There’s no doubt that the tourism and hospitality industries have embraced VR more than most verticals. While extremely variable in quality, 360 degree hotel room tours and destination experiences are now commonplace. But this isn’t the end of the story. Innovative VR opportunities abound.
One opportunity lies in the integration of VR experiences throughout the customer journey rather than just one component. No one company has yet captured this space and it’s there for the taking. Imagine an online booking service like Expedia or Travelocity being able to serve up not just the contents of a hotel room, but interconnected content that gives the traveler a seamless sense of how an entire trip will play out for them from a specific airport through to the hotel, must see sights, dining, beaches, local transport and more. Editable, customized mix and match experiences would reassure the viewer from end to end or enable them to pick a different room, carrier or excursion operator while keeping the most appealing aspects. The customizable VR could then be saved, shared and rated. Feedback could be immediate giving customer service representatives the opportunity to help customers more quickly and efficiently.
Of course this could require significant commitment from a variety of partners each with their own specific goals. That said, full service tour operators are perfectly positioned to claim this innovative approach for themselves beginning with their own most popular packages and then moving on to long tail products once ROI is proven and third parties can be brought on board. Measurement of success could easily be tracked through engagement with different pieces of a journey and the final purchase decision. A/B testing would enable a deeper understanding and enable further customization, and active customer interest levels into the appeal of specific VR elements would help companies to refine their product offerings.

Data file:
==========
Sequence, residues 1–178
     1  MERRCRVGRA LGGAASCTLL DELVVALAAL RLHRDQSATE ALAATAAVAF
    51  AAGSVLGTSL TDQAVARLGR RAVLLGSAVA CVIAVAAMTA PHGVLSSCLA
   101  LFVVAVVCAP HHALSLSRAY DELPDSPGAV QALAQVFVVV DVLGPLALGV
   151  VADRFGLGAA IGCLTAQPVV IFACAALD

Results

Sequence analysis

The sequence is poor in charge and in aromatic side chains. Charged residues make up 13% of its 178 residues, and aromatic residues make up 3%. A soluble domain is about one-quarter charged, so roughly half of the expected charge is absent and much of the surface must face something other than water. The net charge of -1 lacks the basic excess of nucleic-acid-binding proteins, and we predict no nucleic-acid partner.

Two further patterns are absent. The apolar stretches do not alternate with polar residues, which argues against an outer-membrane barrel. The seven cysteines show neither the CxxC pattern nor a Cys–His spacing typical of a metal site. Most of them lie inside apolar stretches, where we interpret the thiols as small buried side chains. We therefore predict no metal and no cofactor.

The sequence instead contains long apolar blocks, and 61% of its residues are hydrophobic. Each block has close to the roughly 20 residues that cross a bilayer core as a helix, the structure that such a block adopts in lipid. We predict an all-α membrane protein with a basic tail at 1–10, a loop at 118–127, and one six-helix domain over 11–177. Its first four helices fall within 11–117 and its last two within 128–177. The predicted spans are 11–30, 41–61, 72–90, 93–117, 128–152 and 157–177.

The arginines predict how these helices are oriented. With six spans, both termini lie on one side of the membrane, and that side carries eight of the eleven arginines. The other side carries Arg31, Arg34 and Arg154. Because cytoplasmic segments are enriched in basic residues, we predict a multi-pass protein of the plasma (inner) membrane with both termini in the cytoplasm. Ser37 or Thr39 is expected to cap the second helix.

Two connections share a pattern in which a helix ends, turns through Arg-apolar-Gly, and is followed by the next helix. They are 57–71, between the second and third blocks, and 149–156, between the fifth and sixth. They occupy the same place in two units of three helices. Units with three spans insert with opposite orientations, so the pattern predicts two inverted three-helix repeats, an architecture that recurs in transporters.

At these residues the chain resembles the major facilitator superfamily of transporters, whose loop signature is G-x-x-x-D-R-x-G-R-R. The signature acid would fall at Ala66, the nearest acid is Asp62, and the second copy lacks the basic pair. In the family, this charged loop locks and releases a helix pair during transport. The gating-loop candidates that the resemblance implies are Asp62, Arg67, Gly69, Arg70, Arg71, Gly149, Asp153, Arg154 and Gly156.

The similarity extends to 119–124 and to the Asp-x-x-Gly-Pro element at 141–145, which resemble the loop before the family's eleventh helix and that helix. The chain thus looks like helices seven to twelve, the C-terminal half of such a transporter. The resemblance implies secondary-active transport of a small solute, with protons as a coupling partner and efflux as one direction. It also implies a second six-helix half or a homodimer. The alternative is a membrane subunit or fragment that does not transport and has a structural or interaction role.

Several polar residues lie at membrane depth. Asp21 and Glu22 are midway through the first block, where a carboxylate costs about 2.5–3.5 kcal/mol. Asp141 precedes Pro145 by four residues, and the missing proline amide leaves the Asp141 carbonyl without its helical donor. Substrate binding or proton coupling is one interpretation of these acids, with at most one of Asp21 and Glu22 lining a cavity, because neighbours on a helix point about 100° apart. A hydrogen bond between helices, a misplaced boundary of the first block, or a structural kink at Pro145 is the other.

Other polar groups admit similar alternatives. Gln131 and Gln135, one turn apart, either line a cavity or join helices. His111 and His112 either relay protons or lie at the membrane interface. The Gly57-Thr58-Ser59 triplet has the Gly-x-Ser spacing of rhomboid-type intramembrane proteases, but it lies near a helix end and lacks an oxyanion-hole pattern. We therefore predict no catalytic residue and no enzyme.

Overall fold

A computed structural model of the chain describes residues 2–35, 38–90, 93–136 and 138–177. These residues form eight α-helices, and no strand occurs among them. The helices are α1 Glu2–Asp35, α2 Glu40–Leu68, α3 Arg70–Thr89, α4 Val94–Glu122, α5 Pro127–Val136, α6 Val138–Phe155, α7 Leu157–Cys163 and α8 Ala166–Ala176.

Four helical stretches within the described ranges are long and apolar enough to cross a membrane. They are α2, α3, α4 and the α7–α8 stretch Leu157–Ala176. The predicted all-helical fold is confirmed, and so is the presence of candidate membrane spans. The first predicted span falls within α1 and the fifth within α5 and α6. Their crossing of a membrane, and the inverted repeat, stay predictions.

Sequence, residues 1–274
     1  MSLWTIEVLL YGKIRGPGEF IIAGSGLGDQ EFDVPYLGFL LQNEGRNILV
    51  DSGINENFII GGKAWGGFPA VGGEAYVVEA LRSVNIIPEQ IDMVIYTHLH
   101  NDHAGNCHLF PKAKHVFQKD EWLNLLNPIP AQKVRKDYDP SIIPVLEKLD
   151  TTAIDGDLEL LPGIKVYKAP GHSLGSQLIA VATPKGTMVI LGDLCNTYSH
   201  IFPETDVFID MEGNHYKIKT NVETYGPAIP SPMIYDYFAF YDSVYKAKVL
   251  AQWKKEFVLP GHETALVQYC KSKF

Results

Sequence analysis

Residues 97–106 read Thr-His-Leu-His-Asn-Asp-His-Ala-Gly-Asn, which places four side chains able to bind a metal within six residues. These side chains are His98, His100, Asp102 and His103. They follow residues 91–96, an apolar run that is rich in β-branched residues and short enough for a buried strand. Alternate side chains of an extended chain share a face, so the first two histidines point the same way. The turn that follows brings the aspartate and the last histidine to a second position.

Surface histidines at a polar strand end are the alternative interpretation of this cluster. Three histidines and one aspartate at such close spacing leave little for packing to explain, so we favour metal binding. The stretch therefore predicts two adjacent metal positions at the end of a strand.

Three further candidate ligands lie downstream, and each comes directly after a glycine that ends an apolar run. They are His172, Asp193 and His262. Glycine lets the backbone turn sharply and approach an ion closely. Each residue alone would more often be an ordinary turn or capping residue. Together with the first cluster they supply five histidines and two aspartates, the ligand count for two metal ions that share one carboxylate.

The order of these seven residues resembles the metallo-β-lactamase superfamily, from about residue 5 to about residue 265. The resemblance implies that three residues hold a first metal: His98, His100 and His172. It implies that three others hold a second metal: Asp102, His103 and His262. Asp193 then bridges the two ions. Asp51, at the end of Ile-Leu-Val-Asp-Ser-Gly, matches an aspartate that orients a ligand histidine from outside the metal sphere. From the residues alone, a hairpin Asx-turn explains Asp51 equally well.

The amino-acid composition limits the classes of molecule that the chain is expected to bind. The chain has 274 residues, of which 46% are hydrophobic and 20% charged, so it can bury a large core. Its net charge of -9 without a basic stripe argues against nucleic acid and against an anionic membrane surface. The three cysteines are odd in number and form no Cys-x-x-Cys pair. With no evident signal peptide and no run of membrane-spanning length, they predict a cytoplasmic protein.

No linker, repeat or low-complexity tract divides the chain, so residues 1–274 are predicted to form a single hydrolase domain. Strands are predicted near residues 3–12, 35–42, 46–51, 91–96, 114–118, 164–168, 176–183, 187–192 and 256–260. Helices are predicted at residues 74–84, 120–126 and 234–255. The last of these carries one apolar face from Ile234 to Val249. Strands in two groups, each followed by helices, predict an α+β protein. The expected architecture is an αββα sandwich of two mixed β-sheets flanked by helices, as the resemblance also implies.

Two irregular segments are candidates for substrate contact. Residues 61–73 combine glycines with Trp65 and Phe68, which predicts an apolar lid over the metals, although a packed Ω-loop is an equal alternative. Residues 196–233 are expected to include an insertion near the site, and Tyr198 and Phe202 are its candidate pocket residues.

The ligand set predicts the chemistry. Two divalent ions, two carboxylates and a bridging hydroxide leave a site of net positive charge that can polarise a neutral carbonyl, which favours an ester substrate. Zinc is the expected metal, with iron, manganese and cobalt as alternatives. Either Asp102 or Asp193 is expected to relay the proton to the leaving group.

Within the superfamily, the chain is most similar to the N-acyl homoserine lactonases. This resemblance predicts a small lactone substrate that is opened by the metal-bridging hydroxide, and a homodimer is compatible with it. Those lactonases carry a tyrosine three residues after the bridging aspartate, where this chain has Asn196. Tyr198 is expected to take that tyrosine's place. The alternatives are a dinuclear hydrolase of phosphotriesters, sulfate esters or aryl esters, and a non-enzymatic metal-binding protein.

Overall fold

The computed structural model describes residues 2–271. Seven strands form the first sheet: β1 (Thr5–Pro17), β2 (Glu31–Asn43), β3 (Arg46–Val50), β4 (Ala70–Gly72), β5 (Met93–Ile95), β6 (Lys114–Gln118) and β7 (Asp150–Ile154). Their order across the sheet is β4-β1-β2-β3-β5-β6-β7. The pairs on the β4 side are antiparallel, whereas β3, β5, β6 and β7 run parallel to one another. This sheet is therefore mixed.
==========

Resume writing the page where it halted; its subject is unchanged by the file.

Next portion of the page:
Then there’s the opportunity to lead the industry by owning the AR experience.
Tour operators, online or offline guide publishers and national tourist bodies have yet to build comprehensive AR offerings which help the traveler to navigate, learn and share throughout every aspect of their journeys. Again a full start to finish experience would distance them from their competitors and provide a useful service. After all when it comes to AR (and VR), ROI is unquestionably linked to usage and engagement. If genuine value, rather than gimmickry is provided, consumers will be willing to pay.
Brands within the tourism space need to think big and distance themselves from what’s rapidly become the norm. The possibilities are endless, the space is wide open and Laduma would love to explore them with you today.